Cheers to Health: Sip Wine for Wellness

Wine showing hospital monitor vital signs

“In vino veritas.”

This statement dates back to Roman times and translates to: “In wine, there is truth.” Modern scientific research proves that in wine, there is also health.

One Fruit, Many Health Benefits

Anti-Inflammatory Benefits of Red Wine

Red wine is made from red, purple, and black grapes, all of which contain anthocyanins. These anti-inflammatory compounds reduce swollen mucous membranes, providing relief for those with seasonal allergies.

Results of a 2015 study also suggest that wine made from red grapes could help burn fat and manage metabolic disorders such as a fatty liver.

Reservatrol and Wine

Resveratrol, a compound found in wines made from red grapes, may help prevent and fight infection. In a 2013 study, researchers found that resveratrol from red grapes had an impact on genes involved in immune system functions.

This compound is also linked to heart health. Studies note that resveratrol prevents arterial clotting, reduces blood pressure, and inhibits enzymes that contribute to heart disease.

Wine Contains Antioxidants

The dark color of the black grape hints at its antioxidant properties. The grape contains a high concentration of polyphenols. Polyphenols are common antioxidants in fruits linked to cardiovascular disease prevention.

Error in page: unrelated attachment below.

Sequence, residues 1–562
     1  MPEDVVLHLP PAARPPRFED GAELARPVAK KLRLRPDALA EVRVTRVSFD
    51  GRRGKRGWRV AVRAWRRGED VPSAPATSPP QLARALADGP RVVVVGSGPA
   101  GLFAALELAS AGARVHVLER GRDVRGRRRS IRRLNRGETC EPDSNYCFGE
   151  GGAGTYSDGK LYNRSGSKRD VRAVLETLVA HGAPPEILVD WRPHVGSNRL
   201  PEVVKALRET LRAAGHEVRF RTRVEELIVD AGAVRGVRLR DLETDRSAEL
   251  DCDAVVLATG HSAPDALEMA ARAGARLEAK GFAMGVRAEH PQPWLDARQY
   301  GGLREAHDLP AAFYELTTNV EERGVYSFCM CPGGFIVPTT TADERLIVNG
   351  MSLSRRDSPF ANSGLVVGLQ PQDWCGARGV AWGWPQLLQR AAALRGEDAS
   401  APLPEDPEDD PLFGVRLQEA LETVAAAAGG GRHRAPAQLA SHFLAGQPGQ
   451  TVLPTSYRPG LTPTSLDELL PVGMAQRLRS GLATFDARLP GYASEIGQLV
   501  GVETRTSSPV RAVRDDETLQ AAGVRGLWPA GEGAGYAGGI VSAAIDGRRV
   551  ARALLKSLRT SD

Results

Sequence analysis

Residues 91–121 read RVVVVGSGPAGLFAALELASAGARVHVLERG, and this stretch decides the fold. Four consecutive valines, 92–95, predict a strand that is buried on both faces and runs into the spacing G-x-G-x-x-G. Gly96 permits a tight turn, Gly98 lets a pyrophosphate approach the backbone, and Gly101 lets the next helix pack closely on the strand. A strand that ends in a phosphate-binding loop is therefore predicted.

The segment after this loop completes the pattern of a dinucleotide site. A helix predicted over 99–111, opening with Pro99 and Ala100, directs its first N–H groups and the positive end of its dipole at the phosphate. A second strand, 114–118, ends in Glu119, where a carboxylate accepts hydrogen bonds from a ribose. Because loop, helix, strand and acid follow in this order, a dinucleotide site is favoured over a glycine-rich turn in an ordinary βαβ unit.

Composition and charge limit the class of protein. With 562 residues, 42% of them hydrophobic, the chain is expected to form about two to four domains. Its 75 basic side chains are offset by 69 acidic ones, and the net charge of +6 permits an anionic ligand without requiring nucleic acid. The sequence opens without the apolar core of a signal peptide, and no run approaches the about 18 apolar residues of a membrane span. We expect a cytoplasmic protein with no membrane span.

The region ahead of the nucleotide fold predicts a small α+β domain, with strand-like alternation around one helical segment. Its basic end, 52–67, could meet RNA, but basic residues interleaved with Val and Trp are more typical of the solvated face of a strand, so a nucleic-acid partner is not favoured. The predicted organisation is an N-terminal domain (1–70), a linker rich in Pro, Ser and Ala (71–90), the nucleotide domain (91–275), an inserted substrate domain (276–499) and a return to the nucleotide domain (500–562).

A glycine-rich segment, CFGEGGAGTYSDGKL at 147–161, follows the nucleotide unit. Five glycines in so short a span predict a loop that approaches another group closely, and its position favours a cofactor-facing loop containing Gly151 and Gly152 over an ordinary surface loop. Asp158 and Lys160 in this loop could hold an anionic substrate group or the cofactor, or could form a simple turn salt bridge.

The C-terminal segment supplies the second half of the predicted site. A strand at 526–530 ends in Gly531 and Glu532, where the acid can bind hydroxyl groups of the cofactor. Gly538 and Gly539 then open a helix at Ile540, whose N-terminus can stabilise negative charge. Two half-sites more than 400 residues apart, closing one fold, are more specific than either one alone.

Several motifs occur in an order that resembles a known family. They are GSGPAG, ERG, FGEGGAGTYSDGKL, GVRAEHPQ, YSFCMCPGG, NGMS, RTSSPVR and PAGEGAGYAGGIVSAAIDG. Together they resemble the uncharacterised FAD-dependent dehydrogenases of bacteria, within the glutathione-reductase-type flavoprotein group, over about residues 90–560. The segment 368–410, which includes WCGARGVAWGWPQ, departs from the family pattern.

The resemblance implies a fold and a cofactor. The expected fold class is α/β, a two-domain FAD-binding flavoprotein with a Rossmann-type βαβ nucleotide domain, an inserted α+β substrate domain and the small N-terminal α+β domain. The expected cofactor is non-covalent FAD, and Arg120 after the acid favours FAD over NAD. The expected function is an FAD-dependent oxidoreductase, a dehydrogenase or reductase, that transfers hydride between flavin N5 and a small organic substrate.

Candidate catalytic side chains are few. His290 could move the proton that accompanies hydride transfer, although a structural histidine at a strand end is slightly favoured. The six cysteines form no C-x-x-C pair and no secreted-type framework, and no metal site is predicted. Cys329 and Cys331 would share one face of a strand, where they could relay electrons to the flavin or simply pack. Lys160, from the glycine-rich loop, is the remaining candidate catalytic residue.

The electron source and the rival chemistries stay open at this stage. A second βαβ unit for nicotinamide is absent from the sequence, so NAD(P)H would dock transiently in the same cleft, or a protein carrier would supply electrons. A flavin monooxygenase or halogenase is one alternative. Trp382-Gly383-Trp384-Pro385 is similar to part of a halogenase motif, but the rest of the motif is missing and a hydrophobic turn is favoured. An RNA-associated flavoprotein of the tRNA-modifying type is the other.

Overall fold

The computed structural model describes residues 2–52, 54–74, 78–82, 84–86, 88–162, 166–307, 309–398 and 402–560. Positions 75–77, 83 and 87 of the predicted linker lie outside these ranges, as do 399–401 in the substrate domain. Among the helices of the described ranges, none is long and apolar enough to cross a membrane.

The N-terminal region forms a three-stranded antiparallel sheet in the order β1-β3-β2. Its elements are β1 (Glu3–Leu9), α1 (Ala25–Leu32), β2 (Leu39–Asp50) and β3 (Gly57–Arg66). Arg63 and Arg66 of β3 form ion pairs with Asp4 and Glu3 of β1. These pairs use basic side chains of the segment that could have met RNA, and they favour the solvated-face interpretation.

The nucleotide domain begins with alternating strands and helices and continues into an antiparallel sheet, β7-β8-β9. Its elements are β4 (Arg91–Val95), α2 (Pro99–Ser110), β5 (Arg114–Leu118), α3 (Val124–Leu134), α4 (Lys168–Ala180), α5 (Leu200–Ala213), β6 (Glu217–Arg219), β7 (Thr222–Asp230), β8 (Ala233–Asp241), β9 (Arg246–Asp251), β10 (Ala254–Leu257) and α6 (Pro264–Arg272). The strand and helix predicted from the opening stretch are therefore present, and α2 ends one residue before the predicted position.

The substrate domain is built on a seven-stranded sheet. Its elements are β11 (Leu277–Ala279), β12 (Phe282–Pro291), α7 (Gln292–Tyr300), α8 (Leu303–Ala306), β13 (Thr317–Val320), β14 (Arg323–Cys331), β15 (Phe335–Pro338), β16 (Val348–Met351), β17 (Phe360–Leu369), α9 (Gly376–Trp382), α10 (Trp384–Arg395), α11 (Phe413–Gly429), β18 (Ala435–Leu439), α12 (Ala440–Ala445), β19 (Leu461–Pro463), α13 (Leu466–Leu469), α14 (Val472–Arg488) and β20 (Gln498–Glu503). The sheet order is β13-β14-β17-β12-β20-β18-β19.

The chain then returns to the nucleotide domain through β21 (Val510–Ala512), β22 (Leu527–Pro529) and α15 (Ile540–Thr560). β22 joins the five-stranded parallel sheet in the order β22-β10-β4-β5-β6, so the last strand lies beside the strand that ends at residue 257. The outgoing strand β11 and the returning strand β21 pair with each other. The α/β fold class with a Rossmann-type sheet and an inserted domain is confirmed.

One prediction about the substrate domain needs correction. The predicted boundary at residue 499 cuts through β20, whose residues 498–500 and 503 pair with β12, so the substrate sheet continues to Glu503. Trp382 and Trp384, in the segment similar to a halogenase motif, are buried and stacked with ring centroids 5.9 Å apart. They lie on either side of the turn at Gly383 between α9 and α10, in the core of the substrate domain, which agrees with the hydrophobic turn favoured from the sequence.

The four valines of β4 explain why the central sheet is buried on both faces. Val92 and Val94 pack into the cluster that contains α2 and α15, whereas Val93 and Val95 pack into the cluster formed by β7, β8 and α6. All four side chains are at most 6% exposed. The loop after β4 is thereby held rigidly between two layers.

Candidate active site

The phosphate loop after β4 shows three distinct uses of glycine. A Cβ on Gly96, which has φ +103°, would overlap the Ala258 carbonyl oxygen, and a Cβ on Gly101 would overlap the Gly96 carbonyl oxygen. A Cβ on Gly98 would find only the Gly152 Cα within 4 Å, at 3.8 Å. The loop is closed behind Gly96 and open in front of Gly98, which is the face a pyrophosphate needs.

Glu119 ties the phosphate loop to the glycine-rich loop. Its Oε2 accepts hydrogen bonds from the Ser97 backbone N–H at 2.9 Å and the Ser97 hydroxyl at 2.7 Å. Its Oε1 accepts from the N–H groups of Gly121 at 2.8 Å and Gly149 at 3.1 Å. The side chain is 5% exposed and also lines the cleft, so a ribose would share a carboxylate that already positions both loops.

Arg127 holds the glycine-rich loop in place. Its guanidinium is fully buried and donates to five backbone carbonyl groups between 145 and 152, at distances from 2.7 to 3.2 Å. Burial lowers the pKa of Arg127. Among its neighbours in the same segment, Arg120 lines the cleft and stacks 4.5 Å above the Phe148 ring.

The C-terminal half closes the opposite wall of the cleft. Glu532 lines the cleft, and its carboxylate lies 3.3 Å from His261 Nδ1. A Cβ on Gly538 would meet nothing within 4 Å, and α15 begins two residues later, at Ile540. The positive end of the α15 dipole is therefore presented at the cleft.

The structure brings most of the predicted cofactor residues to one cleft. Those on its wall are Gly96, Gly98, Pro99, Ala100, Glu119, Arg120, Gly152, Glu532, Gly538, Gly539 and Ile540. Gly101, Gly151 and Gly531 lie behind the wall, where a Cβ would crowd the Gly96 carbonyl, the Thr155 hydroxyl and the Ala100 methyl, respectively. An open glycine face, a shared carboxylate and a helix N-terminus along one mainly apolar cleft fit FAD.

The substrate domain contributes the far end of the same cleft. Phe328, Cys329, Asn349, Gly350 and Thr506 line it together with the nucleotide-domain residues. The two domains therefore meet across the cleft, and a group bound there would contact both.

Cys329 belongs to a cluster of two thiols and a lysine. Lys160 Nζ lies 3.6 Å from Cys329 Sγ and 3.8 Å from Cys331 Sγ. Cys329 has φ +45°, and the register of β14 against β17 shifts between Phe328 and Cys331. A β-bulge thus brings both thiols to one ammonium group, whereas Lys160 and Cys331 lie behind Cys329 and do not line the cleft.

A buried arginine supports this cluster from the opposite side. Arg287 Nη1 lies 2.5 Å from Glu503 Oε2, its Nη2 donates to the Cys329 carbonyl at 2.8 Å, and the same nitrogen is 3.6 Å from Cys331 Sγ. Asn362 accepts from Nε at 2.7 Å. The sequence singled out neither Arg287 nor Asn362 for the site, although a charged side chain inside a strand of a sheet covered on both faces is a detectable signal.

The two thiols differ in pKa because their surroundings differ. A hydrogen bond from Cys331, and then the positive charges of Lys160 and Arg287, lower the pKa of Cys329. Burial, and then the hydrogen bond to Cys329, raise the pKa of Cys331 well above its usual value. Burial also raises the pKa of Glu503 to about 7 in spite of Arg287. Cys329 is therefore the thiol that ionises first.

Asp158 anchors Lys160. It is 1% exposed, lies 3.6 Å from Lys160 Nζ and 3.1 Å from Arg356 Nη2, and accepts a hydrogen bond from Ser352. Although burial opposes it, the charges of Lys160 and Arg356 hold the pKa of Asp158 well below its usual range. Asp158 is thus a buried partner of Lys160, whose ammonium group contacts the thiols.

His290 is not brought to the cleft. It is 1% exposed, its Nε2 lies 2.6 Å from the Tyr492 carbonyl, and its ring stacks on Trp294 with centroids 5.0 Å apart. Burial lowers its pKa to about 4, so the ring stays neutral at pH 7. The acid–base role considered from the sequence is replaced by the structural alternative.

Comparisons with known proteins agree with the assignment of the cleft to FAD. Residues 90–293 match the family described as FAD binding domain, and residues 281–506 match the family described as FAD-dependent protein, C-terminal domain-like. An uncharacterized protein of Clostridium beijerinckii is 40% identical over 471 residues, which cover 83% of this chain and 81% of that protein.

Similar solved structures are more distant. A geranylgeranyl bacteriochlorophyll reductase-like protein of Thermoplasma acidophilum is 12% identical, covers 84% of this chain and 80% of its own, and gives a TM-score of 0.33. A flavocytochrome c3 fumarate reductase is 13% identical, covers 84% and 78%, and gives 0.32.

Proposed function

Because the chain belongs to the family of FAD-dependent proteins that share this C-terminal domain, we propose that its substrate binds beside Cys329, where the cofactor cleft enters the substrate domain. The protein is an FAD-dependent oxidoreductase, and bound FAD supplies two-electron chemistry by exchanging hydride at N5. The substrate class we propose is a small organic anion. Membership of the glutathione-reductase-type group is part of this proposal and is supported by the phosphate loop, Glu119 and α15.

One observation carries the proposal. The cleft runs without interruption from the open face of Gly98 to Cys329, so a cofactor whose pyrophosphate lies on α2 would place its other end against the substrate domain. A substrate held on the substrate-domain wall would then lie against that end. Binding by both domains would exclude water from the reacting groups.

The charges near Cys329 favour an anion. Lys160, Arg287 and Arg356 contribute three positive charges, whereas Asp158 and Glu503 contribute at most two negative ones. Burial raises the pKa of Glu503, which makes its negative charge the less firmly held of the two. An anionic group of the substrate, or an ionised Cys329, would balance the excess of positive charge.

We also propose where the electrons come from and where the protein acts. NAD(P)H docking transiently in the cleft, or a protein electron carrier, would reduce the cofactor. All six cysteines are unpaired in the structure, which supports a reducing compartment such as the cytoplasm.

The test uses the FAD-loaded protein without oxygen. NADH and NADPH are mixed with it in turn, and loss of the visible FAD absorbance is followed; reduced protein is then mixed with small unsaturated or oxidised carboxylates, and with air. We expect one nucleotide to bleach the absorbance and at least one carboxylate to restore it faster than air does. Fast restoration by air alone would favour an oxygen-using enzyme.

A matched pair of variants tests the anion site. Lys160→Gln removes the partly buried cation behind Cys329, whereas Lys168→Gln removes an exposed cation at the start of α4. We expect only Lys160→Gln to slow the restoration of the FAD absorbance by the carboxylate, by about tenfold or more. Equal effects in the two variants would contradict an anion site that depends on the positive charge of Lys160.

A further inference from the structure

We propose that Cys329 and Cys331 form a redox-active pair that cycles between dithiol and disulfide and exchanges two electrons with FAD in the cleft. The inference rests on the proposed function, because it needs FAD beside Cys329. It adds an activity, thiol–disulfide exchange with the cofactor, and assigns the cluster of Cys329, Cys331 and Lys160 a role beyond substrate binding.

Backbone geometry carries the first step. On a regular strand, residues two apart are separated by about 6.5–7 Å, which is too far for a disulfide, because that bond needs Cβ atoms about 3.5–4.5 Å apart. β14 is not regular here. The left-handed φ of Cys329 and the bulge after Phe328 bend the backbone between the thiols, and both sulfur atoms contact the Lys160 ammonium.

White Wine for Electrolytes

A white wine is often made with grapes of a pale color, such as green. Green grapes supply electrolytes (minerals such as calcium, magnesium, potassium, and phosphorus) as well as vitamin A, C, and K.

The French Paradox

Coined by a French epidemiologist in the 1980s, the French Paradox refers to the low incidence of coronary heart disease in France, despite the high amount of cholesterol and saturated fat in the population’s daily diet. The current thinking is that the low rate of heart disease may be linked to the amount of wine the French drink.

While the jury remains out on the cause of this paradox, many doctors agree that if wine is consumed, it should be done in moderation with meals.

Sealing the deal

Real Cork: Traditional, real cork is compostable and lasts for long periods of time. Cork contains a natural compound known as trichloroanisole (TCA). Although TCA is not harmful to consume when it is found in wine, it may lead to a poorer taste, often called “wine taint” or “cork taint.”

Synthetic Cork: In an effort to reduce the chances of tainted wine, winemakers have used synthetic corks to protect the taste of wine. These are not compostable but may be recyclable in some cases.


“What Color Grapes Make Red, White, and Blush wine,”, 2008

“The French Paradox: Lessons for Other Countries” by Jean Ferrières, Heart, NCBI, 1/04


Pamela Bump

Pamela is the Audience Growth Manager for the HubSpot Blog and holds an M.S. in Media Ventures from Boston University. Before HubSpot, she was Taste for Life’s first Web Editor & Social Media Expert and Harvard Business Review’s first Growth Editor.  In her roles, she’s managed content strategy, social media, and audience growth tactics.

Although her career is focused on digital marketing and editorial innovation, she continues to write for TFL to quench her thirst for food blogging and health journalism.